Apologies for not updating the blog more frequently – I’ve even been a bit slack in posting my progress on Project Dan.
Don’t worry, I’ve not given up. Far from it.
The thing is, Project Dan is more edifying than I expected, and I’m having a difficult time processing all of the lessons learned. I’ve got to steal some time somehow and make the effort to quiet my mind and spirit. I need to pray and reflect.
So far my biggest struggles have been with handling defeat (anger, frustration) and managing the stress of playing – i.e., rank anxiety – (pride, uncertainty). I’ve learned that when these arise within the context of a game, or searching for a game, that they are not functions of baduk itself; rather, they are my own character revealing its flaws. There is nothing in the game or in my opponents that gives rise to these feelings: It’s my own imperfection. Athletes like to say that pain is weakness leaving the body. In a certain sense I’m learning the truth of this statement.
There have been several times when I’ve been really frustrated with myself, almost to the point of throwing in the towel. I question whether I’ll ever be good enough to achieve shodan. These moments are trying, especially because I’ve invested myself so deeply in becoming a better player: I want to excel at baduk.
In the face of these doubts there is one thing that keeps me going and that is to play games. Putting stones on the goban brings me back to the reason behind Project Dan: To become a stronger player. I’m learning the value of action (seriously, this article from the Art of Manliness has been something of a gospel for Project Dan).
My thinking is that doing something – anything – is better than inaction. Whether I rise or I fall, I am engaged. Strength is earned, and becoming worthy of 1 dan requires serious effort. Well, I’m as determined as ever to make that effort.
This thinking has implications for all areas of my life: at home, with my family, in my relations, and at work. I haven’t quite figured it all out yet, but I can see the positive effects of baduk in my day-to-day. Think about efficiency, for example, which is a key theme of baduk. Efficiency means every stone has a purpose. What in my life could benefit from efficiency? One area that comes to mind is my family budget. With the exception of the mortgage we live without debt. My wife just left her job to stay home with our son full-time and, as a result, our income has lessened. We’ve had a budget since day 1 but it’s now more important than ever. How, then, can I be more efficient? Practicing frugality something I’ll have to work on since I’m the free spirit – financially speaking – in the family. Baduk teaches me to make every stone count, now I just have to do the same with every dollar.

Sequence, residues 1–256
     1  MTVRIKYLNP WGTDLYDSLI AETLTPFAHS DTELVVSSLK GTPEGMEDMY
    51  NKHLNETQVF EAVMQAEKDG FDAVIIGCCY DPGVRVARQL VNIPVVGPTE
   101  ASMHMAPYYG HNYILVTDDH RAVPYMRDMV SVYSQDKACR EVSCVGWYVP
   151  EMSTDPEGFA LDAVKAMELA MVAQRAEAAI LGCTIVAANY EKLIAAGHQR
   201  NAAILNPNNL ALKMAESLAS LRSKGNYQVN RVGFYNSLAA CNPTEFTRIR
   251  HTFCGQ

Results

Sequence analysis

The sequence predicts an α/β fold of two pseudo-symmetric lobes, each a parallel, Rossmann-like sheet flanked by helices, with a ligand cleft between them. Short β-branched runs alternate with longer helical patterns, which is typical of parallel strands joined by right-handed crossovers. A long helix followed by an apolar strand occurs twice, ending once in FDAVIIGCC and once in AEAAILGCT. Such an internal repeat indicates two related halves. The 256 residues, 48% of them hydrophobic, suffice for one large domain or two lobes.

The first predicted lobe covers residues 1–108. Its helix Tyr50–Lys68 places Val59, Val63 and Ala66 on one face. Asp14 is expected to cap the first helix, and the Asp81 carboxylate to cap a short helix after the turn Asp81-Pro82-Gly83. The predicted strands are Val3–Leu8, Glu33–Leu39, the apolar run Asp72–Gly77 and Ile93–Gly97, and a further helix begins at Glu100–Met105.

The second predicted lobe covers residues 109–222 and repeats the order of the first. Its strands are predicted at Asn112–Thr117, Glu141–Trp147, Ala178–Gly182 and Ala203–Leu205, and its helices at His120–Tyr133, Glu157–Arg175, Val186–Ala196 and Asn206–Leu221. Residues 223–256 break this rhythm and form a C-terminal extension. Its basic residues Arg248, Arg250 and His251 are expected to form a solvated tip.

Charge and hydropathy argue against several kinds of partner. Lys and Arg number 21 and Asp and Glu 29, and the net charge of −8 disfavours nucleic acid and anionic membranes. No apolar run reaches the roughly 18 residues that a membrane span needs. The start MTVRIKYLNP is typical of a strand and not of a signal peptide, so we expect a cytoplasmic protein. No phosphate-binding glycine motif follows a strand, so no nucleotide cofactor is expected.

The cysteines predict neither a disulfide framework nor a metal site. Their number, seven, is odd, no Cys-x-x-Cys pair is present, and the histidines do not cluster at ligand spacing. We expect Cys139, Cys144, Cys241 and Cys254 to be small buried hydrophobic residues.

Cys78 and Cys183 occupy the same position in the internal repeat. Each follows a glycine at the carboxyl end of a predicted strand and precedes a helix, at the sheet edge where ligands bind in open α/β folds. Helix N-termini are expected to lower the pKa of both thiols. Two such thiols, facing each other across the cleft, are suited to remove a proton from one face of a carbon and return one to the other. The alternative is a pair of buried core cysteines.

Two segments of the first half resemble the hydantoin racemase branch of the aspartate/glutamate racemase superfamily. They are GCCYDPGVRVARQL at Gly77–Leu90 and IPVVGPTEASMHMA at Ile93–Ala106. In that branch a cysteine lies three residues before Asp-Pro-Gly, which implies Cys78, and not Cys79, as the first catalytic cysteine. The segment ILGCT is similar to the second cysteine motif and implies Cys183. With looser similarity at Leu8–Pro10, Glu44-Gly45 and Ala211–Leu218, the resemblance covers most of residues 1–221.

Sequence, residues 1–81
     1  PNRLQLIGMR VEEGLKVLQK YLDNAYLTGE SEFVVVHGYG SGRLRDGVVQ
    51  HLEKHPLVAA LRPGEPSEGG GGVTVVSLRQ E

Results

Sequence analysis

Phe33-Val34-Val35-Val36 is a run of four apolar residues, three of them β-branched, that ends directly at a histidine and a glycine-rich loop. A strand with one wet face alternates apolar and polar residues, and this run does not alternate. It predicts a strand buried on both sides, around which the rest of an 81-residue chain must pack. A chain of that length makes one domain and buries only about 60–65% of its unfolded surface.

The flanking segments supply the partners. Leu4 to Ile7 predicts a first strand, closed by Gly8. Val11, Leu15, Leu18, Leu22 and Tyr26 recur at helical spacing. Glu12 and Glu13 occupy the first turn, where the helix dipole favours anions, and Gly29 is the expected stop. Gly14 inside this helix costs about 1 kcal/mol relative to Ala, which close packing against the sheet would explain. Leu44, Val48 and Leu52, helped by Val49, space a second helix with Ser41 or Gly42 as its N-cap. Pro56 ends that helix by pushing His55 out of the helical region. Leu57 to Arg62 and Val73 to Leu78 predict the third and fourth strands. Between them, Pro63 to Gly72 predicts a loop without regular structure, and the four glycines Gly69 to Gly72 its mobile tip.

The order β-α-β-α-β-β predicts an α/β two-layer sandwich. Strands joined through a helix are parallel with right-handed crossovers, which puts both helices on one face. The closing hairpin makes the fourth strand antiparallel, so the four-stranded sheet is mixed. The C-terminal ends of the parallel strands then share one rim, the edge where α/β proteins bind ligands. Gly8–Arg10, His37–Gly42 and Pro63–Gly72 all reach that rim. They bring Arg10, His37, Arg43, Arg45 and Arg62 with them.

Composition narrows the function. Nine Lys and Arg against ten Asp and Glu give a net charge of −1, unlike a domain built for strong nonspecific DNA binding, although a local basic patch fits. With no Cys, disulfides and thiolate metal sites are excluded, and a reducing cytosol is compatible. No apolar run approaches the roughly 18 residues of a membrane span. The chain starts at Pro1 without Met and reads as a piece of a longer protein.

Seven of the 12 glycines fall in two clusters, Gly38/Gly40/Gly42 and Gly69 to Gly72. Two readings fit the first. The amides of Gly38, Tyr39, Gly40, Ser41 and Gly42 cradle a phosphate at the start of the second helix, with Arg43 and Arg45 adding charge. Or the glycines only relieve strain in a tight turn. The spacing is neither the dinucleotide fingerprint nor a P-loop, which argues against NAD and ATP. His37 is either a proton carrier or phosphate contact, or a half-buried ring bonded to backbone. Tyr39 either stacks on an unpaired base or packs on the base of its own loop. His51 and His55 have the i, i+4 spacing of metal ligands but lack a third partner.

Another area is handling frustrations or disappointments. Life is full of reverses. We experience them in rejection letters, car break downs and a million other ways. I know my son will look to my example in these moments and if I freeze or explode he’ll see a father who lacks self control. Well, playing baduk – winning or losing – is a great way for me to put myself into a vulnerable state each day and have to deal with it. I’m grateful to report that I’ve learned much already in these past few weeks about how to handle difficult times, especially when they are the result of my own foolishness or shortsighted behavior. Baduk is a testing ground for these. No, scrap that, it’s a training ground.
And boy do I need training! While I haven’t been as faithful to life & death problems or baduk theory as I would have liked, I have been playing most days. There is still room to improve, and I’m learning to adjust this system as I go along. More on that later.
The one area where I’m feeling pulled to right now is in the need for quiet. I’m talking primarily about a spiritual quiet – the figurative inner room. I haven’t been there as often as I should be, and it’s got me looking both ways when I revisit baduk. I know I’m being faithful to Project Dan, but am I being faithful to something – someone – objectively more important? I know that spiritual formation is essential for strength, much like exercise forms the basis for physical well being, and I need to do a better job here.
Part of baduk is the search for the Divine Move. It is part of the game’s spiritual aura, which owes itself somewhat to baduk’s profound nature. I, too, need to pursue a Divine Move, both in my faith and in the game. Perhaps it is that learning baduk will help me become a better Catholic, perhaps it is that becoming a better Catholic will help me improve at baduk. I’ve not yet explored the possibilities here enough to have any definitive answer, but I’m going to work in this direction. Who knows what I’ll find? Maybe life, the universe and everything.